Lord of the Rings, and the meaning of history

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1967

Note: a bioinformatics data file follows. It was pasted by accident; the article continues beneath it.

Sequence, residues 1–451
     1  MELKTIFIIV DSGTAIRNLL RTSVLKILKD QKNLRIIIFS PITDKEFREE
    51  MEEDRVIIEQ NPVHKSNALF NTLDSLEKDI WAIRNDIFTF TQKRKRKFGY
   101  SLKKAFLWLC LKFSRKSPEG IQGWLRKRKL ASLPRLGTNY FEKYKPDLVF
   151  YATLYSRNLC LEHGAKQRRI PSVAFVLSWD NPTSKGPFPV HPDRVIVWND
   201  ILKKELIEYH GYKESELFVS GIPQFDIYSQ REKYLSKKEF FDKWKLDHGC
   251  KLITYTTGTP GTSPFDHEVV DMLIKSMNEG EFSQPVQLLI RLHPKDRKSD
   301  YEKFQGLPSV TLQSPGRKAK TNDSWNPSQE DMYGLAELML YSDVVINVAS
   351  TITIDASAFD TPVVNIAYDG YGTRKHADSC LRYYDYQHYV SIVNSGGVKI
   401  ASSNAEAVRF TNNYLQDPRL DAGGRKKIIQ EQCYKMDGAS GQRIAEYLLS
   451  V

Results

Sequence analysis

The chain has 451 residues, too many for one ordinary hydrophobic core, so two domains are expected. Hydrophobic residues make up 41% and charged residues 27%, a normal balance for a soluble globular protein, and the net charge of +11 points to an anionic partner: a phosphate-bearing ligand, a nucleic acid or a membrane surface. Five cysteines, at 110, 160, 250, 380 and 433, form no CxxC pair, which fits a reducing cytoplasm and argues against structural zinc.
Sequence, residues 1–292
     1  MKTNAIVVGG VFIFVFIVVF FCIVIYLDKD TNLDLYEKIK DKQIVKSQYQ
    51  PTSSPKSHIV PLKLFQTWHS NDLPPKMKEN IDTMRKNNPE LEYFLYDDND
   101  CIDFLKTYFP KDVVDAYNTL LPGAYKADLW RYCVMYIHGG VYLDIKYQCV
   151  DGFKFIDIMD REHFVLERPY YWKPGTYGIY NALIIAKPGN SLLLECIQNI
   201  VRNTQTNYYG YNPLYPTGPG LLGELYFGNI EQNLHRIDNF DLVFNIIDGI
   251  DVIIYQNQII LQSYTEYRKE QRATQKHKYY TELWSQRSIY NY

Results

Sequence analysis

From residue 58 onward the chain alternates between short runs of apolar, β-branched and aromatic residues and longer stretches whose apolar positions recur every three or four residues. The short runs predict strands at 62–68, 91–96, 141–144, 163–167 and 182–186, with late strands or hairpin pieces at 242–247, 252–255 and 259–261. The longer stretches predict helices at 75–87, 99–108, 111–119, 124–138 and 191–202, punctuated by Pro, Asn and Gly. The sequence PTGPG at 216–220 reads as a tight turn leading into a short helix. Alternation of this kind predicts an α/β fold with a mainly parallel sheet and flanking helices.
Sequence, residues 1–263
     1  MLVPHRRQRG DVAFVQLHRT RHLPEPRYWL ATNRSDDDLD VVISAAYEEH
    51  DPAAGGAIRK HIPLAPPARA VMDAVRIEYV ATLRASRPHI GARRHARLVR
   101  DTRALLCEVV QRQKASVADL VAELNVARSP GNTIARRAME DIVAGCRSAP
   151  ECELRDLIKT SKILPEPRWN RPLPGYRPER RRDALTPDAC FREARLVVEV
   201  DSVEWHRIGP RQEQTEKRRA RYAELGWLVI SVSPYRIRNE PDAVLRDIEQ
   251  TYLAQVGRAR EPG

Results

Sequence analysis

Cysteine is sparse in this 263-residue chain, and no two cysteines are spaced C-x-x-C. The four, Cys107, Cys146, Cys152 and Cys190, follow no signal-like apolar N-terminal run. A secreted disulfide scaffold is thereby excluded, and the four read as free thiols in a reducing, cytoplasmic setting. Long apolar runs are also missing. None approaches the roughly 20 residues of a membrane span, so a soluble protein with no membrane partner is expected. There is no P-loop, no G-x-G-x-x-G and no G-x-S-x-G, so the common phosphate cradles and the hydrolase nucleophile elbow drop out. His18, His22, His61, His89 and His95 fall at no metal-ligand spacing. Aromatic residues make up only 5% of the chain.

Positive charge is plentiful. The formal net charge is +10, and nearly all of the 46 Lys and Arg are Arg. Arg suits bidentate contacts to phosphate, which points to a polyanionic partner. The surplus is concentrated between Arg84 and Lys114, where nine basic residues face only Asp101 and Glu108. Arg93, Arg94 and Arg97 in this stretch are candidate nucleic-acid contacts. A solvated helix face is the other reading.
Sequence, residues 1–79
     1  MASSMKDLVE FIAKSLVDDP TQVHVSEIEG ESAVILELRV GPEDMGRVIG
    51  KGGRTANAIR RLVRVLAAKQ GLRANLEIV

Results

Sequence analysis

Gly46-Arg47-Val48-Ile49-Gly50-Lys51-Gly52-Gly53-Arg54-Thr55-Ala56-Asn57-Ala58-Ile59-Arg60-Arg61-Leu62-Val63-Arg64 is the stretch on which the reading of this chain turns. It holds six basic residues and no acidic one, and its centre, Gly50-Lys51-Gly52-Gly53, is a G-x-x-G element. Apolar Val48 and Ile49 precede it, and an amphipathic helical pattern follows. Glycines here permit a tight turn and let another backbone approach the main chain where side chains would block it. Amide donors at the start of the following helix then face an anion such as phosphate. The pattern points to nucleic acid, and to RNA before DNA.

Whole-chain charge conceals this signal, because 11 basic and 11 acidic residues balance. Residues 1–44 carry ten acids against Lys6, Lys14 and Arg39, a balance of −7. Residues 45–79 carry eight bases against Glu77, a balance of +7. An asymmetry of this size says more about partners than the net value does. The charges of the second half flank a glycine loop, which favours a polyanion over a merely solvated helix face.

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The purpose of this thesis is to establish that J. R. R. Tolkien's trilogy, The Lord of the Rings, represents its author's view of the pattern of history. Chapter One contains an exposition of the general pattern of history which is a progressive cyclicism in the novel. Chapter Two deals with the specific aspect of the deterioration of an age as it is depicted in the world Tolkien has created. Chapter Three presents Tolkien's solution to that deterioration: the withdrawal and return of a hero whose journey inaugurates a new age. Chapter Four examines a few aspects of the language Tolkien uses to build his "feigned history". The time and space imagery, since it is quite appropriate to the structure of the novel, is explicated in detail in this chapter. Tolkien's notion of the pattern of history is most like that of the historian, Arnold Toynbee. I have therefore used Toynbee's principles as a basis for comparison with and analysis of Tolkien's world. The withdrawal and return of the hero is analyzed both in Toynbean terms and in terms of the stages of the "monomyth" as it has been formulated by Joseph Campbell.

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